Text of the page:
- Please choose one of the 6 values of the NASW Code of Ethics (service, social justice, dignity and worth of the person, importance of human relationships, integrity, competence) and describe how you have incorporated that value into your personal or professional/volunteer experiences.
- Share how you have observed or experienced oppression or privilege individually or in systems around you. Describe examples of your actions to understand, confront, and/or undo the systems of oppression or privilege you have observed or experienced. How can these experiences or observations prepare you for a career in social work?
- What is your history of academic and/or professional success? If you have had challenges, academically or professionally, how have you addressed those challenges? What is your plan to be successful in graduate school? Provide a detailed plan of how you intend to meet the demands of a rigorous graduate program, including financially, while managing your additional responsibilities and obligations.
- What opportunities have you pursued outside of the classroom to facilitate your professional growth and leadership?
- What life experiences have shaped your understanding of the social work profession? How do you educate yourself on social issues relevant to the social work profession?
The video submission should be no more than 5 minutes in length. You may wish to carefully script your thoughts in advance to ensure you thoroughly respond to the following three prompts:
- Explain why you have chosen to pursue a MSW at this time.
- Which specialization you are interested in and what are your intended career goals?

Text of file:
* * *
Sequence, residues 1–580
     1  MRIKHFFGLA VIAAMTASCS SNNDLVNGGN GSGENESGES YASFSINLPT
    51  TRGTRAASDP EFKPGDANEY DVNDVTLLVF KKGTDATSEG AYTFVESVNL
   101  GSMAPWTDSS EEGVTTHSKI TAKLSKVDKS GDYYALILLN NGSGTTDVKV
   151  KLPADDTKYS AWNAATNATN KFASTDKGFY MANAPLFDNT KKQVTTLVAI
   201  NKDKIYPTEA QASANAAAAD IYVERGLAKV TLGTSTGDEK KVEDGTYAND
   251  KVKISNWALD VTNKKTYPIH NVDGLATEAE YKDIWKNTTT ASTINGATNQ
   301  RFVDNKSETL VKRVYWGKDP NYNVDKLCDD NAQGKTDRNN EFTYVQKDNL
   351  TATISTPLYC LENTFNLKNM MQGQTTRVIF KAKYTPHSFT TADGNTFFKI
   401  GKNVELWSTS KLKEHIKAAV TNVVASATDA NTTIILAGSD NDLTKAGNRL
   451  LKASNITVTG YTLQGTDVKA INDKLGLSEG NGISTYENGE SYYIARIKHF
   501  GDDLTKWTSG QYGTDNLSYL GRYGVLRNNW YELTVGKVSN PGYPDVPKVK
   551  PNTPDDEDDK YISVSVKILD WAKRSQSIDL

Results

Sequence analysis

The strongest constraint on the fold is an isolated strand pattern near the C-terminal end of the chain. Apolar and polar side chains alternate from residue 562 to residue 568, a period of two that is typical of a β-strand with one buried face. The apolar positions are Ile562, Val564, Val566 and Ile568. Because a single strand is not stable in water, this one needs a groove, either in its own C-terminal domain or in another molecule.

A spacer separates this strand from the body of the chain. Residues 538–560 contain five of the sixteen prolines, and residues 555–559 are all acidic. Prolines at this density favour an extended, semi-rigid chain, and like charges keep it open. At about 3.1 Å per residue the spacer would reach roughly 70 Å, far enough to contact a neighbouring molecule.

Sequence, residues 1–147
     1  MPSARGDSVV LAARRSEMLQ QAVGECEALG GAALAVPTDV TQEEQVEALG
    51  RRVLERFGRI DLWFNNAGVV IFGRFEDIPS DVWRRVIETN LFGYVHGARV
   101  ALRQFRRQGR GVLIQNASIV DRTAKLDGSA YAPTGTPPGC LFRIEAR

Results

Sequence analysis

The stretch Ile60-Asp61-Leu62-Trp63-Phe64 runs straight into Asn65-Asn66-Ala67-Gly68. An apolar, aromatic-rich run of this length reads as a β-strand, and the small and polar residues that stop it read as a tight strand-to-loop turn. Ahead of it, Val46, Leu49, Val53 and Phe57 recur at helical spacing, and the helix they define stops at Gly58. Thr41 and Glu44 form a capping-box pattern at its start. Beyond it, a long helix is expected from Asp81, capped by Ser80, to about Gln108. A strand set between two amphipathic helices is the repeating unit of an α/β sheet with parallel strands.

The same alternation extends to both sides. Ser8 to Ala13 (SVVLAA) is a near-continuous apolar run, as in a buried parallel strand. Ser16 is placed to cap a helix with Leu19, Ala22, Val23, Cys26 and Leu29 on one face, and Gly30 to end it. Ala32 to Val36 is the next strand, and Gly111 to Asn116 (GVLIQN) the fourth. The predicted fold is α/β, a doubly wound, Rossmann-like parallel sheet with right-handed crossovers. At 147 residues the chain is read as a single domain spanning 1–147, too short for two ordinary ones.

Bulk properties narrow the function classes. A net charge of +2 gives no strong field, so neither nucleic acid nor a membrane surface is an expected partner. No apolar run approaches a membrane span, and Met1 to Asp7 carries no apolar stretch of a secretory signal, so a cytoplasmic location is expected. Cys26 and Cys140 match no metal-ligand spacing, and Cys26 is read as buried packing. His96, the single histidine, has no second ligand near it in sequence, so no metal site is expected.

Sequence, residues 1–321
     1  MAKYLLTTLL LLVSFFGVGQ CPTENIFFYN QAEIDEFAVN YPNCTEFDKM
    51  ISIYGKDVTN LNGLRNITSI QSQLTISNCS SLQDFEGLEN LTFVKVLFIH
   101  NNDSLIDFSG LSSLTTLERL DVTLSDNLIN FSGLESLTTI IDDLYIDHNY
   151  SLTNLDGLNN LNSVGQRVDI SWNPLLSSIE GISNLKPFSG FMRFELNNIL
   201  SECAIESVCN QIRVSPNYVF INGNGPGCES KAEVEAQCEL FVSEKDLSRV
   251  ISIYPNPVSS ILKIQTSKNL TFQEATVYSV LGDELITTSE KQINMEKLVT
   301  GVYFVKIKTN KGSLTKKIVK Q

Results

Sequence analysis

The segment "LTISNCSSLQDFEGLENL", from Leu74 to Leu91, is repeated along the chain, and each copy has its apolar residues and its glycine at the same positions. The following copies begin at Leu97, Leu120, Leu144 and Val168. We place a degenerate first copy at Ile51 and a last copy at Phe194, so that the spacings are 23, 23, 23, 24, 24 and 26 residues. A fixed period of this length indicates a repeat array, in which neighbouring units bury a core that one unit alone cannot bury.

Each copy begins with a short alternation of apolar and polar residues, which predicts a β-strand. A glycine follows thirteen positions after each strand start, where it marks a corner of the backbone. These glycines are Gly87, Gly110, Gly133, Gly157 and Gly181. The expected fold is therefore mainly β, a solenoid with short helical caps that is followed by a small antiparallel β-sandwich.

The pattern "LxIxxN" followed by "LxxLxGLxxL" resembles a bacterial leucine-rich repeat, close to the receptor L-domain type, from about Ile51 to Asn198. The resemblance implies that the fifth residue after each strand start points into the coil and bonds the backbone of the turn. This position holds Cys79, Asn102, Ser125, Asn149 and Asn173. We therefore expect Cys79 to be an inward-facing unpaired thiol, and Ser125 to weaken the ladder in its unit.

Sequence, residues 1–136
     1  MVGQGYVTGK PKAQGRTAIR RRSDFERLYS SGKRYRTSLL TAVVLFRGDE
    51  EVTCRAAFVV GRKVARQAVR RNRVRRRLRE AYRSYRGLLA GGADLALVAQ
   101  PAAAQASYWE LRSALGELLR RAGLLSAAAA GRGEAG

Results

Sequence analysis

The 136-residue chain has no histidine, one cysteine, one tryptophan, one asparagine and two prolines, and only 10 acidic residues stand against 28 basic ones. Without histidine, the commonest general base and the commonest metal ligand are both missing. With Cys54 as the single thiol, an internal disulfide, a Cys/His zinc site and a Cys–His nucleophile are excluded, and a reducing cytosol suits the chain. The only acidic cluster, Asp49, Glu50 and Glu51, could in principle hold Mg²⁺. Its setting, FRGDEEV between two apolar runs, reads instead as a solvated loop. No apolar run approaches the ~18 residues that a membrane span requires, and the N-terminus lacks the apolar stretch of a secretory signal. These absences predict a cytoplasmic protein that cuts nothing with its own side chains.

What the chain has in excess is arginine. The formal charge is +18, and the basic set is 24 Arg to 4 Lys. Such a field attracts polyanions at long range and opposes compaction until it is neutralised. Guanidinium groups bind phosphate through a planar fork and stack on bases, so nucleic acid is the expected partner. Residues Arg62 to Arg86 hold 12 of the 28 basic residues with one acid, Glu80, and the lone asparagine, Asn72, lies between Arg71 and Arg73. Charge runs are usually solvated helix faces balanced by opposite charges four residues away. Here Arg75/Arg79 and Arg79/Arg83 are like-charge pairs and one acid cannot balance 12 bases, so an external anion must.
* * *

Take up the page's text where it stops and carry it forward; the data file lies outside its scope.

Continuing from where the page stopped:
- Describe an experience that has had a significant impact on your desire to pursue social work as a career path.
Video submission instructions: We recommend uploading your video to a third-party site (YouTube, Google, etc.). You will include the link in your application. Please ensure that your link is visible by others.
English Proficiency Score (international students only)
International students must have a TOEFL score of at least 79 iBT or equivalent; the minimum acceptable IELTS score is 6.5 band.
Entry into the social work program and profession is also based on legal requirements. The Clinical Social Work and Social Work Practice Act and the National Association of Social Workers (NASW) Code of Ethics outline the laws around getting your license and practicing in the field.
- Fall (August) Term — March 1
- Spring (January) Term — No admission
- Summer (May/June) Term — No admission
The University provides graduate assistantships as a means of financial support. They are intended as a way to facilitate a student's progress to degree while providing important professional development.
To be eligible for an assistantship a student must, generally,
- be admitted unconditionally as a degree-seeking student into a graduate academic program, or have a minimum of 120 undergraduate hours if in an integrated degree program
- be in good-standing
- be enrolled full-time (typically at least 9 credit hours during the fall or spring semesters, or at least 6 hours during the summer session).
Graduate assistants receive
- monthly wages paid in the form of either a stipend or an hourly wage
- a waiver for 100% of tuition during a semester of appointment
- a waiver for up to 12 credit hours of tuition for the summer term immediately following a fall or spring appointment
See Student Accounts for information on tuition and fees. Funding for graduate students is available from several different sources. Students who have been admitted from contiguous states including Iowa, Indiana, Kentucky, Michigan, Missouri, and Wisconsin will receive in-state tuition.